Patients with newly diagnosed leukemia often present with signs and symptoms of bone marrow (BM) failure rather than with symptoms caused by proliferation of the leukemia itself: e.g., paleness, tiredness and lack of energy due to anemia; pro-longed or severe infections due to neutropenia; and petechial rash and nose bleeds due to thrombocytopenia. BM failure is a relatively late event during leukemia development. It is thought to be either a direct, cyto-/chemokine-mediated effect of the leukemic cells or an indirect effect via re-modeling of the BM environment. Either or both lead to suppression of normal BM function. Many studies have investigated the interaction of normal hematopoietic stem and leukemia cells with their BM niche. It has been shown that different types of leukemia affect differentiation and function of various cells in the BM, including bone progenitor cells, endothelial cells, nerve fibers and myofibroblasts,1 leading to a loss of support of normal hematopoiesis.
In this issue of Haematologica, Jensen et al. investigated the effect of B-lineage acute lymphoblastic leukemia (BALL) on residual normal hematopoiesis.2 They use a spontaneous murine leukemia model with heterozygote deletions of Pax5 and Ebf1, and study the effect of the leukemia on normal hematopoiesis by transplanting leukemic blasts onto wild-type mice. Interestingly, and in contrast to what one might expect as a consequence of modulation of the BM niche, the most immature Lin-KIT+SCA1+ (LSK) and CD150+ LSK stem-like compartment persists, while more mature, lineage-restricted progenitors disappear from the leukemic marrow. A similar observation was made in 19 human patients with B-ALL in which the frequency of non-leukemic CD19-CD34+CD38low/- putative stem-like cells was comparable to normal controls. Most intriguingly, the authors describe a lasting effect of the leukemia on the reconstitution potential of these murine stem cells after primary and secondary transplantation. Secondary mice transplanted with “leukemia-exposed” hematopoietic stem cells showed lower levels of reconstitution. The “leukemia-exposed” CD150+ LSK cells displayed an expression profile suggestive of mitochondrial dysfunction, with fluorescent dye tracking confirming a reduced mitochondrial membrane potential in this residual stem cell population. Impaired mitochondrial function is a hallmark of cellular aging,3 and these data are, therefore, suggestive of premature aging of “leukemia-exposed” hematopoietic stem cells.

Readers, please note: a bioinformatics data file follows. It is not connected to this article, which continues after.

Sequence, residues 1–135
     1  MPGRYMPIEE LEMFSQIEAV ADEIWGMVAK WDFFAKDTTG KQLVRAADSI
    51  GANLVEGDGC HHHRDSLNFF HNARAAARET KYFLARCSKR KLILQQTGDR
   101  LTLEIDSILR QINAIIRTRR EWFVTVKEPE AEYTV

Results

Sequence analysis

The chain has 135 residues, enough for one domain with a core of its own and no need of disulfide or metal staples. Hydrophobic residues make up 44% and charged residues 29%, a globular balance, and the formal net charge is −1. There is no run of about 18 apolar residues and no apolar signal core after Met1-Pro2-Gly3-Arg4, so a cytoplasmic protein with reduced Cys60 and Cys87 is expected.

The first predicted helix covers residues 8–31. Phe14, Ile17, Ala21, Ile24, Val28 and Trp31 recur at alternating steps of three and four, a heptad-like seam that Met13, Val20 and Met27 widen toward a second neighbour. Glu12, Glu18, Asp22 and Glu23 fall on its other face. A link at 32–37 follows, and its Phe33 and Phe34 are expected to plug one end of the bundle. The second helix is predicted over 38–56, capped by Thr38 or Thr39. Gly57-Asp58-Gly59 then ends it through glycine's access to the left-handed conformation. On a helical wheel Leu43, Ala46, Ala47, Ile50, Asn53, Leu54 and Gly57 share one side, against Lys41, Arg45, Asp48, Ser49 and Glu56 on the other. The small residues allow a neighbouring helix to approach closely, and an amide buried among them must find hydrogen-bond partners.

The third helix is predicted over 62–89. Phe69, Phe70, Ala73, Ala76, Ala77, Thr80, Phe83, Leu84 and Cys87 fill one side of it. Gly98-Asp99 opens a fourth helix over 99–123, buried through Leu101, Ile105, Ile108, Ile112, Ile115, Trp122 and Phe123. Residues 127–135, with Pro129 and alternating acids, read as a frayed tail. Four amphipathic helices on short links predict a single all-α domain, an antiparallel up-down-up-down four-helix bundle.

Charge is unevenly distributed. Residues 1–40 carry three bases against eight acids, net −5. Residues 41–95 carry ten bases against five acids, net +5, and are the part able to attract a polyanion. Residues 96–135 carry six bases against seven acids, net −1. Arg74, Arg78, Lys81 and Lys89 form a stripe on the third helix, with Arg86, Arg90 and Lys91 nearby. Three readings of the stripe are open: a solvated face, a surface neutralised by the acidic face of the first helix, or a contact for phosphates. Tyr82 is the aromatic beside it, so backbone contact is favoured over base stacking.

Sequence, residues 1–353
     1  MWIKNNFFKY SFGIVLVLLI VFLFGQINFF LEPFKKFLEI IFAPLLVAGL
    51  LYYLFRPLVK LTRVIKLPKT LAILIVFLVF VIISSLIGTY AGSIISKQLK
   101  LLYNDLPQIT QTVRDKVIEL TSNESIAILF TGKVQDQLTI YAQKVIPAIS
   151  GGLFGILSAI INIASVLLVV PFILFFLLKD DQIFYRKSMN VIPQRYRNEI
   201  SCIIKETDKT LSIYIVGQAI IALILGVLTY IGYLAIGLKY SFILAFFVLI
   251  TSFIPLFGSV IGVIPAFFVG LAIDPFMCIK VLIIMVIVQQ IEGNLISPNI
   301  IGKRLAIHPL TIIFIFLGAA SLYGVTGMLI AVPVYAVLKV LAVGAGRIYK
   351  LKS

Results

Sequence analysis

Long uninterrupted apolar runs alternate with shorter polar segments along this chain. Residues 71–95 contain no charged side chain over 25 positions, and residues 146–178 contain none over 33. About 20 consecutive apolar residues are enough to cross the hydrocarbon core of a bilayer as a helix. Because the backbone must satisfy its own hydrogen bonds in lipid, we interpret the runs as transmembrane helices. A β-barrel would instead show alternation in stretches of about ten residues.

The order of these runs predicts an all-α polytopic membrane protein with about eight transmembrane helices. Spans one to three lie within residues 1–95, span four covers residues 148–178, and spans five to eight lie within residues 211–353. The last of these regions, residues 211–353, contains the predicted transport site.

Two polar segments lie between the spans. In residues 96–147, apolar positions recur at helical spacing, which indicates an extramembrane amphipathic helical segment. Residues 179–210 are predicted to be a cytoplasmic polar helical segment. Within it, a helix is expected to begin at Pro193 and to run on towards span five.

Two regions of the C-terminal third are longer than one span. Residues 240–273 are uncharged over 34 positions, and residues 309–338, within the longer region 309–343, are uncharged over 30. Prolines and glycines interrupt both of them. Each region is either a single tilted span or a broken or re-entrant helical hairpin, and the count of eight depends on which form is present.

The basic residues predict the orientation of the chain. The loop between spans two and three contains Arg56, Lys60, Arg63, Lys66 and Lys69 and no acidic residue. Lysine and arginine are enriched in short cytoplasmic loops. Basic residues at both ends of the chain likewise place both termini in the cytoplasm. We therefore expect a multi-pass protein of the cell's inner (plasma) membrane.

There are two key questions that arise from this work. 1) What is the mechanism by which the leukemia imposes such a long-lasting effect on the repopulation potential of normal stem cells leading to mitochondrial dysfunction and premature aging of the hematopoietic compartment?
Mitochondrial dysfunction is a common feature of many types of cancer, including leukemia. To meet their high energetic demands, leukemia cells rely on mitochondrial oxidative metabolism. Pharmacologic inhibition of oxidative metabolism has been demonstrated to inhibit leukemia cell growth and to increase sensitivity to chemotherapy, both in vitro and in vivo.4,5 Intriguingly, the damaging effects of chemotherapy can, at least in part, be rescued by transfer of mitochondria between leukemia cells and their surrounding BM stroma.6,7 Similarly, BM stromal cells were found to transfer mitochondria to healthy hematopoietic stem cells as a means to promote their capacity to respond to proliferative stress.8 Although direct exchange of mitochondria between leukemia cells and healthy hematopoietic stem/progenitor cells has not been demonstrated, it is interesting to think about whether or how mitochondrial transfer could account for the findings by Jensen et al. Alternatively, one could envision a tripartite exchange in which BM niche cells are the intermediate party, transferring mitochondria from leukemia cells towards the resident normal hematopoietic stem cells (and potentially, vice versa). Although a role for mitochondrial exchange remains speculative, if confirmed, it could provide the route to develop new therapeutic interventions to protect the healthy hematopoietic stem cell compartment from leukemia-mediated suppression.
2) Does this long-lasting effect of the leukemia on normal hematopoietic stem cells also occur in human patients? Or is the described effect on stem cells unique to this mouse model?
Clonal hematopoiesis has been studied in long-term survivors of pediatric cancer.9 There is a significant increase in clonal hematopoiesis in childhood cancer survivors; however, this is mainly thought to be therapy-related rather than there being evidence for a leukemia-mediated accelerated aging of normal hematopoietic stem cells. Late BM failure is not usually regarded as a typical late effect after ALL.10 However, data on clonal hematopoiesis in survivors of childhood ALL, particularly in very longterm survivors, are scarce. This interesting observation suggests that aging of the hematopoietic system in our patients warrants further attention, and future prospective studies are needed to look at BM function in longterm survivors.
- Received March 18, 2023
- Accepted March 24, 2023
No conflicts of interest to disclose.
MF, MB and JV wrote the manuscript. MF designed the figure.
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